Scientists have however cautioned that single such nutrients don’t have favorable effects. The anti-inflammatory effect is seen only when they are consumed as several foods rich in different nutrients. Thus, fruit and vegetable variety, but not quantity, appears to be important in reducing inflammation.
Spinach, collard greens, kale, broccoli, cabbage, Brussels sprouts, cauliflower, carrots, beets, onions, peas, bell peppers (all colors) and squash are good examples of anti-inflammatory vegetables.
Examples of fruits are blueberries (best of all fruits for fighting inflammation), blackberries, strawberries, peaches, oranges, pink grapefruit, red grapes, plums, pomegranates, cherries, apples, and pears.
Serving size: 4 to 5 servings of half cup cooked vegetables per day and 3 to 4 medium sized fruits per day
Spice up your food because herbs and spices have great anti-inflammatory effects.
Herbs such as basil, chamomile, cilantro, thyme, and rosemary are useful not only for their antioxidant and anti-inflammatory activity but they have clinical benefits in conditions such as osteoarthritis, rheumatoid arthritis and inflammatory bowel disease. And sometimes regular intake of herbs works better than drugs and without the side effects. For example, researchers from Australia suggested that – ‘In contrast to non-steroidal anti-inflammatory drugs and aspirin, rosehip has anti-inflammatory actions that do not have ulcer causing effects and do not inhibit platelets’.
Turmeric is a spice that can effectively relieve inflammatory conditions by inhibiting different substances involved in inflammation. Phospholipase, lipooxygenase, thromboxane, cyclooxygenase 2, leukotrienes, prostaglandins, nitric oxide, tumor necrosis factor (TNF), and interleukin-12 (IL-12) are some of these inflammatory substances. Research shows that turmeric and its active compound, curcumin, are effective for rheumatoid arthritis and other inflammatory conditions viz., psoriasis, inflammatory bowel disease (IBS), and inflammatory eye diseases. It also benefits patients who have had kidney transplants.
Another equally beneficial anti-inflammatory food is ginger. This spice could also be used as a cholesterol-lowering and anti-thrombotic agent. Ginger suppresses inflammation by inhibiting the action of several genes involved in the inflammatory response.
Generally, 2g of ginger daily can help fight inflammation. However, the amount of ginger you can take depends on your age, weight and health and whether you are allergic to any substance in the ginger.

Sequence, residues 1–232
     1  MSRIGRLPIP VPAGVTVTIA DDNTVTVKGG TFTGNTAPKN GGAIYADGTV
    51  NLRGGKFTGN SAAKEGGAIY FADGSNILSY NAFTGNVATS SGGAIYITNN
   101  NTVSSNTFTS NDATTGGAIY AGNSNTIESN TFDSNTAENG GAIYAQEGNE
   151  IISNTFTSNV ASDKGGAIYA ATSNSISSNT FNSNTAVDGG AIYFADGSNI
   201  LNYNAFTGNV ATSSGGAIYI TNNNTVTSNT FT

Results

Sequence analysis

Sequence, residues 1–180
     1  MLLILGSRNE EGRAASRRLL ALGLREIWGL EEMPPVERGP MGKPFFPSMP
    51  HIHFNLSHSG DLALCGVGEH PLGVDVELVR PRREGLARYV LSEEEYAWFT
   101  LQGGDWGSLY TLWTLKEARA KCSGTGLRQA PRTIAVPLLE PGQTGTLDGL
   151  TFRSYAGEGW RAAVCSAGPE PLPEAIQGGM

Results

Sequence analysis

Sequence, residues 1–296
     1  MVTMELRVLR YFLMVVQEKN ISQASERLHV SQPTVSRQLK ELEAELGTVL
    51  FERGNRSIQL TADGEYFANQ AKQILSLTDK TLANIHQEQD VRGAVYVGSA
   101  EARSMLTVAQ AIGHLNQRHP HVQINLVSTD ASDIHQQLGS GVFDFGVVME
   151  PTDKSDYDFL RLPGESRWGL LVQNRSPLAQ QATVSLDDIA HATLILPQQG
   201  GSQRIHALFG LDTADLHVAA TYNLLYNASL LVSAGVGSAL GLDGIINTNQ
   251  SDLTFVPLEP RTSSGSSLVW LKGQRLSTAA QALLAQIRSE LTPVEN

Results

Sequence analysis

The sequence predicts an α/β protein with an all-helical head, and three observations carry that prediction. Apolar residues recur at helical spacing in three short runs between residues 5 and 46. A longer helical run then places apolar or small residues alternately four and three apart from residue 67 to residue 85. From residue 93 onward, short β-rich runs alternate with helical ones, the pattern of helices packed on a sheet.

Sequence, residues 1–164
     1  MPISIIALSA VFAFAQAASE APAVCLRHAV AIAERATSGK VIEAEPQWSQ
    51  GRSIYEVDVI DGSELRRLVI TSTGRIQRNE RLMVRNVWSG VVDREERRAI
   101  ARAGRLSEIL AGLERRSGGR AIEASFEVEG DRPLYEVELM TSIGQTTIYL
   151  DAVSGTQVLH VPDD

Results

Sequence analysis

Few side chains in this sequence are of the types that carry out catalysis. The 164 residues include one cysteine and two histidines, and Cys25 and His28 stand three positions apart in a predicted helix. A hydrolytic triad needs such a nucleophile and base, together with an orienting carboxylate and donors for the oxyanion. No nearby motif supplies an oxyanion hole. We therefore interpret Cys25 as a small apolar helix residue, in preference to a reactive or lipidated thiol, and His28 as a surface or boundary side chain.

All chili peppers including cayenne, habanero, jalapeno, and cherry peppers contain capsaicin, which effectively inhibit certain neuropeptides associated with inflammatory processes. Hotter the pepper, the more capsaicin it contains and better its inflammatory activity.
- Whole and Refined Grain Intakes Are Related to Inflammatory Protein Concentrations in Human Plasma - (https://www.ncbi.nlm.nih.gov/pmc/articles/PMC2821887/)
- Molecular mechanisms of inflammation. Anti-inflammatory benefits of virgin olive oil and the phenolic compound oleocanthal. - (https://www.ncbi.nlm.nih.gov/pubmed/21443487)
- The role of soy in vegetarian diets. - (https://www.ncbi.nlm.nih.gov/pubmed/22254060)
- Rosehip - an evidence based herbal medicine for inflammation and arthritis. - (https://www.ncbi.nlm.nih.gov/pubmed/22762068)
- Clinical Inquiry. Does turmeric relieve inflammatory conditions? - (https://www.ncbi.nlm.nih.gov/pubmed/21369559)
Latest Publications and Research on Anti-Inflammatory DietA thioredoxin-mimetic peptide exerts potent anti-inflammatory, anti-oxidant, and atheroprotective effects in ApoE2.Ki mice fed high fat diet. - Published by PubMed
Ginkgo biloba Extract EGb 761 and Its Specific Components Elicit Protective Protein Clearance Through the Autophagy-Lysosomal Pathway in Tau-Transgenic Mice and Cultured Neurons. - Published by PubMed
Interleukin-37 Treatment of Mice with Metabolic Syndrome Improves Insulin Sensitivity and Reduces Pro-inflammatory Cytokine Production in Adipose Tissue. - Published by PubMed
Review article (GFRR-R-2017-0429 - R1): Oxidative stress and atrial fibrillation: An update. - Published by PubMed
Olive Oil Nutraceuticals in the Prevention and Management of Diabetes: From Molecules to Lifestyle. - Published by PubMed